Amongst the cases I have collected, some are worthy of interest; the following is the summary: /LAhW

1st. A child named Yver, two years old, was admitted into the Neclcer t - (illH.1Hospital with acute bronchitis. ,

His head was of large size, like that of a hydrocephalic patient and like that dj^-t'''1of other individuals of the family.

It often had convulsions. Ci' '> - •

In consequence of measles, acute otitis, suppuration and perforation of the . walls of the tympanum, prolongation of the disease.

Chronic otitis, caries of the petrous portion of the temporal bone, expulsion \, f of very evident fragments of bone.

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Intermittent hectic fever.

Death at the end of eight months, after an attack of acute meningitis.

This child was not completely deaf, and learnt fresh words every day.

2nd. Another child (Boissonnade) eighteen months old, twelve teeth, thin, weak, ill-developed, had acute otitis, afterwards chronic otitis consequent on a serious attack of bronchitis. The two ears suppurated, and at the end of a year very porous portions of bone escaped from the auditory canal. Intermittent hectic fever became established, and the child, becoming gradually more feeble, died of chronic enteritis, with caries of one of the petrous portions of the temporal bone.

The deafness in this child was incomplete; it retained and every day pronounced monosyllables which it could not say the day before; and at length answered questions.

Chronic otitis and otorrhcea ought to be treated internally by the iodide of potassium, cod liver oil, antiscorbutic syrup, syrup of bark, syrup of walnut leaves, and externally by mucilaginous or astringent injections. These last are much the most useful, and decoction of strawberry root, of red roses, of walnut leaves, &c, are those which should be employed.

[Inflammation of the dura mater is occasionally the result of otorrhcea. Sometimes acute inflammation arises within the tympanum, when there has been no previous disease; the patient has severe headache; at length a gush of matter comes from the external meatus, but the pain doeB not, as it usually does in such cases, cease; it continues, and even increases in intensity, the patient begins to shiver, he becomes dull and drowsy, slight delirium perhaps occurs, and by degrees he sinks into stupor. In some instances no pus issues externally. Similar symptoms more commonly supervene upon a chronic discharge of purulent matter from the ear.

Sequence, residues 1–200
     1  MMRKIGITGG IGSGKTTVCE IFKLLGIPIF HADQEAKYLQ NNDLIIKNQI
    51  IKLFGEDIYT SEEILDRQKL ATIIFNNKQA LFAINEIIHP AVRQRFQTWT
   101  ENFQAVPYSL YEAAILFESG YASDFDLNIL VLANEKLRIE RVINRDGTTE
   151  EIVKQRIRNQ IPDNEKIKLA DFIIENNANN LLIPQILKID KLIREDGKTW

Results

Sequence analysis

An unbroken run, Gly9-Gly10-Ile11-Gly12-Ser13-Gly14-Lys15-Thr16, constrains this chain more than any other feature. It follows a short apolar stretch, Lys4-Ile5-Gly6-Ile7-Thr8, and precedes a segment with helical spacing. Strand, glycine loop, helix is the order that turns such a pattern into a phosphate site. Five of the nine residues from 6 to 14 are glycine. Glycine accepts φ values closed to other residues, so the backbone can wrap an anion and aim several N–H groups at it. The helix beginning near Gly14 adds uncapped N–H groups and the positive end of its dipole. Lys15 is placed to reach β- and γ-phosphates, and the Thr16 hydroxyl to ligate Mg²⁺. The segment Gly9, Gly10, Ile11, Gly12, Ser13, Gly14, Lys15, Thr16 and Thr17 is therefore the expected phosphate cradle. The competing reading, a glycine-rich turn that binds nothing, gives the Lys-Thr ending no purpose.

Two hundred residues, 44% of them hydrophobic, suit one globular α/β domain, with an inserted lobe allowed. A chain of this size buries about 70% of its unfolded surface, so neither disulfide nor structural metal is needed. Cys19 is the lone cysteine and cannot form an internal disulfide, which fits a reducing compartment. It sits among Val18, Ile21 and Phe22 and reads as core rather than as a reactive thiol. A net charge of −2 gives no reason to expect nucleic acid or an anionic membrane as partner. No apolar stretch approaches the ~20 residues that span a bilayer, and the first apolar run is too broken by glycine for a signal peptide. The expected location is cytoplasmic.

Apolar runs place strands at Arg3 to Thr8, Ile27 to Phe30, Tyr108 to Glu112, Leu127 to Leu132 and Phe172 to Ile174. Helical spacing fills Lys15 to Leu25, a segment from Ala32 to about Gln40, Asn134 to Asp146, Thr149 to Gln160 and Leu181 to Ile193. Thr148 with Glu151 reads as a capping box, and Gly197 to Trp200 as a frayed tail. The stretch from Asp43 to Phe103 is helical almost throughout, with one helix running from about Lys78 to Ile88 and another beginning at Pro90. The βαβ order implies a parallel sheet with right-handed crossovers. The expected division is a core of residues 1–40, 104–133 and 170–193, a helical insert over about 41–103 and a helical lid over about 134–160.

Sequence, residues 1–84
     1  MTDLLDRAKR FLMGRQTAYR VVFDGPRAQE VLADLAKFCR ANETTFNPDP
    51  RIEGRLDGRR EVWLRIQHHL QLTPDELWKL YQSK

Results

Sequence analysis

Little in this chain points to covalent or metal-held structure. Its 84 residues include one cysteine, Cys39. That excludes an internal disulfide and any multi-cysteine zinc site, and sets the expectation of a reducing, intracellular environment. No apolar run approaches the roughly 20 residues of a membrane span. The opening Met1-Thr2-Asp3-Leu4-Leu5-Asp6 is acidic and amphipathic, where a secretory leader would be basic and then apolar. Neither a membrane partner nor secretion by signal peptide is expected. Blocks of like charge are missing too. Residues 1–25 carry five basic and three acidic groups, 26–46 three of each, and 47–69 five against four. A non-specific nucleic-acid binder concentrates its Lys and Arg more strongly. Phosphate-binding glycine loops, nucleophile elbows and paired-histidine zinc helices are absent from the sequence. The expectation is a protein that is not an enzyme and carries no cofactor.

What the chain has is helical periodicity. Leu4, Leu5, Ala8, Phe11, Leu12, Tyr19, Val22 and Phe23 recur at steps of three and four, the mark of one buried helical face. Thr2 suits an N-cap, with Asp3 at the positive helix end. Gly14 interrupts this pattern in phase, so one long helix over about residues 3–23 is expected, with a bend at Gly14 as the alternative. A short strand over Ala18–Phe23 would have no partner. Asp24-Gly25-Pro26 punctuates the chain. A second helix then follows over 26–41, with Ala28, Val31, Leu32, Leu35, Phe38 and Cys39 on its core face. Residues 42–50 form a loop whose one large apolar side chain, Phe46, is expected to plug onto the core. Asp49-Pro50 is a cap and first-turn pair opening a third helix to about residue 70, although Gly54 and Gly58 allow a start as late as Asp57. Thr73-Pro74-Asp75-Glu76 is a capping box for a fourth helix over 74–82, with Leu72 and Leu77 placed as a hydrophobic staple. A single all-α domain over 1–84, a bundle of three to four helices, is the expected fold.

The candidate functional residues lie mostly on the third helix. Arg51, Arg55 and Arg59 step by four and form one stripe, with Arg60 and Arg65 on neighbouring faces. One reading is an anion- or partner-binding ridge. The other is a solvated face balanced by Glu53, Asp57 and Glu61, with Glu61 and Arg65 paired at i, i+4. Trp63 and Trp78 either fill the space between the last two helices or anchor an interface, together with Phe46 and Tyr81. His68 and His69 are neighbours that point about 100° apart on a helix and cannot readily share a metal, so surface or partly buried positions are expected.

The following examples illustrate the phenomena of this disease: A youth, sixteen years old, applied to the late Dr. Powell (Transaction* of the College of Physician*; vol. v) on account of an eruption with an acrid discharge behind the right ear. He had become deaf Ave years before, after scarlet fever, but no discharge took place at that time from the ear. In the following year, however.

f he had the measles, and then an abscess formed in the right ear, and after giving him much pain it burst. He had again suffered, three days before Dr. Powell first saw him, a sudden attack of very severe pain in the same ear. The pain quite v ' v v deprived him of rest; but he had no fever, nor delirium, nor coma. He slept indeed a great deal, but that was the effect of opiates which he took to relieve the pain. This symptom was quieted by the opium, but it always returned with severity if the medicine was suspended. A foetid discharge came from the ear. On the tenth day of this attack, after a most violent paroxysm of pain, his strength rapidly , / / ,/ declined, and he died.

"When the head was examined the structure of the dura mater was healthy and

natural, but beneath this membrane the whole superior surface of the right hemi

r sphere was covered with a layer of coagulable lymph and pus. The vessels of the

substance of the brain were not more numerous or loaded than usual, and the brain

;/, *>, t itself was healthy in every part. In the base of the skull the dura mater adhered to

the bone, except at one part of about half an inch diameter, just over the petrous

portion of the temporal bone, where it was black and sloughy. The subjacent

. portion of the bone itself was carious, black, and crumbling, and contained foetid pus.

It will be observed that in this case there was no symptom to mark the extensive

mischief within the head, except the pain; the pulse never exceeded seventy-two,